This covers what you might do. Let's see what you cannot do. We will run over the present restrictions on the plating of various metals individually. Gold, silver, lead and zinc have no restrictions as to usage, provided you can secure the materials. The same is true of cadmium but as the supply of cadmium is inadequate even for war alone, the chances of securing it for any other purposes are practically negligible. Tin falls into a similar category. There are no direct prohibitions against its use by plating, and as a matter of fact due to the ability to control thickness more closely by plating than by hot tin dipping it is probable that its usage by plating will actually increase in total rather than decrease. However, due to its extreme scarcity, it would be practically impossible to secure raw materials except for extremely essential purposes.
Likewise, the plating of chrome is unrestricted so far as we know, except for vending machines. In other words, if you can procure chromic acid, you can apply it directly to any base metal provided the part is not going into a vending machine. While the supply of the basic chromite is exceedingly limited in a general sense, due to the ability to secure low-grade ores, and the lessening of demand for chromic acid for composite coatings, it is our judgment while this cannot be entirely final that there will be adequate supplies for all who want to apply chrome directly to the base metal. But as soon as an under-coating is desired for the chrome, the condition changes.
I do not need to tell anybody in this audience that anyone who is plating nickel is breaking the law, and I am putting it badly that way, because it should be. He is not only a slacker from a patriotic standpoint but he is sticking out his neck in addition. You cannot use nickel as an undercoating for chrome, or for any other purposes, except virtually by special permission. We have about two-thirds enough nickel for this year's demands and it is not going to be wasted, just because somebody wants to. It is known that there is bootlegging but they will catch up with it.
The situation in copper is more complex. The M-9-c Order prohibited plating with copper where the purpose was primarily decorative. Most plates where copper was employed had two purposes. One was corrosion resistance and the other was decoration. Which was the primary purpose? You and I know that in most cases it was decoration, or you would have used zinc which would have given you far better corrosion resistance. However, a lot of platers virtually ignored the order on the ground that they were doing it primarily for corrosion resistance. They were not very honest about it. However, I want to correct any misconception that may exist about the future. We haven't anywhere near enough copper for purely military needs and under those circumstances the usage of copper for plating except for really essential purposes will not be permitted. Do not make plans on that basis.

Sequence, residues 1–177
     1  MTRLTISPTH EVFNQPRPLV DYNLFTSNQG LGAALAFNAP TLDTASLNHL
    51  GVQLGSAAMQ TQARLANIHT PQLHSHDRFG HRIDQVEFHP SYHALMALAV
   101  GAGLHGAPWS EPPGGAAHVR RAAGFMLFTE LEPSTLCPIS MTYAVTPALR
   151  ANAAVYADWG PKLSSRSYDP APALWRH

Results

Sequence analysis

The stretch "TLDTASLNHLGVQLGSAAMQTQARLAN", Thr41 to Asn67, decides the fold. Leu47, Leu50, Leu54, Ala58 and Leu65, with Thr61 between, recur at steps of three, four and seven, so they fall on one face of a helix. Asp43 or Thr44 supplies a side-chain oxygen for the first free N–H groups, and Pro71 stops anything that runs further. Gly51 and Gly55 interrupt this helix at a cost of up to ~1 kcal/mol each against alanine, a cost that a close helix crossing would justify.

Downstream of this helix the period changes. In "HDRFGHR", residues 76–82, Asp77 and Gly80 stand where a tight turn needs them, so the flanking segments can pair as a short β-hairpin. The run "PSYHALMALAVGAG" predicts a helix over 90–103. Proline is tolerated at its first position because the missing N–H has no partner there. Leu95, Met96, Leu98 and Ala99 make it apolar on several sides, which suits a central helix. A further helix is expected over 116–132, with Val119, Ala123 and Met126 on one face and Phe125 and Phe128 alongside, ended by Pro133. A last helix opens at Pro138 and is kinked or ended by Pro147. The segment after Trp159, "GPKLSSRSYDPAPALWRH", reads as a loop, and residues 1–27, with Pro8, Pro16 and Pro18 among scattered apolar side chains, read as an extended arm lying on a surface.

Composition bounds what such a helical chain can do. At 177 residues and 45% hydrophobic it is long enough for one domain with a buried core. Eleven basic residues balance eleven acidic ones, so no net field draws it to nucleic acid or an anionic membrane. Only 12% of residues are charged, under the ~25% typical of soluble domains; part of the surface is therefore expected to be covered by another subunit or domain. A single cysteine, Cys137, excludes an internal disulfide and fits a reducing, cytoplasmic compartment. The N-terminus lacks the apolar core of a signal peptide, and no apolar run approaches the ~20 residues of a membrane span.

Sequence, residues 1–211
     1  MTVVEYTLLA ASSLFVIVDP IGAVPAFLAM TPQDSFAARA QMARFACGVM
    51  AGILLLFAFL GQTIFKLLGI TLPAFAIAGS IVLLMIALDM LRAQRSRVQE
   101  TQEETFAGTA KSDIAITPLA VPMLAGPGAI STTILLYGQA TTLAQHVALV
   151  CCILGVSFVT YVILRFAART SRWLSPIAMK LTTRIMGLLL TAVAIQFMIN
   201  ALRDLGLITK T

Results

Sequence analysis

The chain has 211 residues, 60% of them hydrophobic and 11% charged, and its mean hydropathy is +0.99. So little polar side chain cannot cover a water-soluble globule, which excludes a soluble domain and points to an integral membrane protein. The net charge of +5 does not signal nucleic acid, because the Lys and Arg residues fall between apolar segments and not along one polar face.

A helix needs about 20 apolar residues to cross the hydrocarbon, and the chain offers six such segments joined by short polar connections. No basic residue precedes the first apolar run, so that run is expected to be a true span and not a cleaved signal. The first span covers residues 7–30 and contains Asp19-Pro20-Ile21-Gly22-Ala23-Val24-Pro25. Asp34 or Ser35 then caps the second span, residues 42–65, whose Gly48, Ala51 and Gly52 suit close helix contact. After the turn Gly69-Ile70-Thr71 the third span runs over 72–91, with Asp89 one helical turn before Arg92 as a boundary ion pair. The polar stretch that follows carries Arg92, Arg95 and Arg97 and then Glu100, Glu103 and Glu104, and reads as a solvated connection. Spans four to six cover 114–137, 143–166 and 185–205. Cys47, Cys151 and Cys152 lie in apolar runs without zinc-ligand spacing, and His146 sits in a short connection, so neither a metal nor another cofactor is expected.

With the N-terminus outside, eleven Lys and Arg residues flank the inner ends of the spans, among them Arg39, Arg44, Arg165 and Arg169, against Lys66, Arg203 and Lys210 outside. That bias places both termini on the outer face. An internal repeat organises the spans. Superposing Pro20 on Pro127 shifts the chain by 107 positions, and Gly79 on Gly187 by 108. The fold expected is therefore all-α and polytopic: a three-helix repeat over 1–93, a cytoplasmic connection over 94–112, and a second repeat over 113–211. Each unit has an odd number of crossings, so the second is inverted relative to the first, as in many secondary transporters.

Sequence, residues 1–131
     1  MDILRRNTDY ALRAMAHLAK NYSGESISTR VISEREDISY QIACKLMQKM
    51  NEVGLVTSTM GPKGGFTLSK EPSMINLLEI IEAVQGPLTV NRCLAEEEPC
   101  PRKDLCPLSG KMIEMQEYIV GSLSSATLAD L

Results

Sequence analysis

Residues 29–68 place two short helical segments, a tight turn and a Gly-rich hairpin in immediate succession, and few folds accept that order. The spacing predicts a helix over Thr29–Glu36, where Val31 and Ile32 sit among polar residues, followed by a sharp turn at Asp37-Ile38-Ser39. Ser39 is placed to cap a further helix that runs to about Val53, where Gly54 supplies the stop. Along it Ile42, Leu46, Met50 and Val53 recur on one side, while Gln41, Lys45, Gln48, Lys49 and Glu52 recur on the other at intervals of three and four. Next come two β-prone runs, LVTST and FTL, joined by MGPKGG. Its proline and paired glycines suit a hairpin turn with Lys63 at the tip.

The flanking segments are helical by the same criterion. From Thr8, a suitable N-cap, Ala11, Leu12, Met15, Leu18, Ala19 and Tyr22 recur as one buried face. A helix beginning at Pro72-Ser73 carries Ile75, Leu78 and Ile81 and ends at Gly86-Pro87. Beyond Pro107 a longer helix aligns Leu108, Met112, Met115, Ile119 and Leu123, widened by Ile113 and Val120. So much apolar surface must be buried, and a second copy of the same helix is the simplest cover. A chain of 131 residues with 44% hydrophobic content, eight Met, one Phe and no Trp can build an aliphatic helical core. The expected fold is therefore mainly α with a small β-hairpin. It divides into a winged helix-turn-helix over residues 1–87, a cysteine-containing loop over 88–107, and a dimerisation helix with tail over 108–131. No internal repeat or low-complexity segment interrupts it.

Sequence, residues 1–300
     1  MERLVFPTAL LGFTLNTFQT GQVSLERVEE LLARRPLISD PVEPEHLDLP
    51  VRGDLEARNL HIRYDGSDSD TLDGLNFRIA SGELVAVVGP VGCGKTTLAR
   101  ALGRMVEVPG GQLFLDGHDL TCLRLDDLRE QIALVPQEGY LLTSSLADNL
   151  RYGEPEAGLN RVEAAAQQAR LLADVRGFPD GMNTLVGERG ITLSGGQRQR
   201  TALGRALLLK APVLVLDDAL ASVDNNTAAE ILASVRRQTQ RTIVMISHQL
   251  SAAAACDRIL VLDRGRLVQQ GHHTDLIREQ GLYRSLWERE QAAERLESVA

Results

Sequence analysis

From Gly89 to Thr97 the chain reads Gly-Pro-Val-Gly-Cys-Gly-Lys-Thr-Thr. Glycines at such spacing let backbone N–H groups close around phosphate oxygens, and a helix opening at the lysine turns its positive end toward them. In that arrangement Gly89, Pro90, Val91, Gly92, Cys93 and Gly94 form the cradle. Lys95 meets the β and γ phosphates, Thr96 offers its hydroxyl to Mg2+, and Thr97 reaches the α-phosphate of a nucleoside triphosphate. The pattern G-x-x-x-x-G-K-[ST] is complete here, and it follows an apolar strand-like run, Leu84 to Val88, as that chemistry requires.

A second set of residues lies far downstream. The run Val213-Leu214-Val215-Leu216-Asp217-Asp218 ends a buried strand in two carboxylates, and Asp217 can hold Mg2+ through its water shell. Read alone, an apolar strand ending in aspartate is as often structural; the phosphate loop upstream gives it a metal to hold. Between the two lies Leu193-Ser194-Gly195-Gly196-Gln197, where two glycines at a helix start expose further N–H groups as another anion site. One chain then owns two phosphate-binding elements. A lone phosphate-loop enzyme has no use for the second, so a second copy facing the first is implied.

There are other metals such as rhodium and indium. It is entirely possible that such metals may come into more general use, limited of course by amounts available. An acute general metal shortage exists and under those circumstances, it is likely that usage will be made of any metal that is available.
In conclusion, let's sum up a little. Plating for civilian usage will be curtailed, but there is and will probably continue to be a considerable volume of war plating. Prospects for individual platers vary exceedingly. Some will prosper while others will go bankrupt. There is nothing fair about that but it is an unavoidable condition of war. There is nothing fair about war. It is not fair that just because I happen to be 54 years old and have already lived most of my life in a condition of luxury that would have made the old Roman Emperors green with envy, should stay home while young chaps with all their lives before them are sent out to toil and sweat in foreign jungles and perhaps lose their precious lives. War just isn't fair in any way, and if you happen to be one of the unfortunates, you will simply have to chalk yourself up as one of the casualties. We recognize that this is cold comfort. Nobody is going to award you any posthumous medals or send any gold stars to your mothers, but you are a casualty of war just as surely as the boy that gets in the way of a Jap shrapnel.
This industry depends upon metals, and there aren’t enough metals for war purposes, so there are bound to be casualties, and the fact that there are going to be casualties cannot be allowed to interfere with the winning of the war.
We are not going to let MacArthur down. We are not going to let the Chinese down. We are not going to let the Russians down, but above all, we are not going to send out our kids to be slaughtered because somebody did not want to change his occupation or was trying to hold onto money that he never would have had, except for the system of freedom which we are all fighting to preserve.
We have a job to do. We are all equally responsible. It is my job and it is your job. Our individual welfare does not count until the job is done. Let's forget personal fortunes for the time being and stop petty bickering. If we all put our shoulders to the wheel, with the one idea paramount of keeping the wagon rolling, we will get this thing over in a hurry. Nothing can stop us. And then I would like to talk to this society again. I can be just as optimistic, as I have been pessimistic today and the picture I have in my mind of the eventual future of the plating business can only be expressed in superlatives.
I thank you.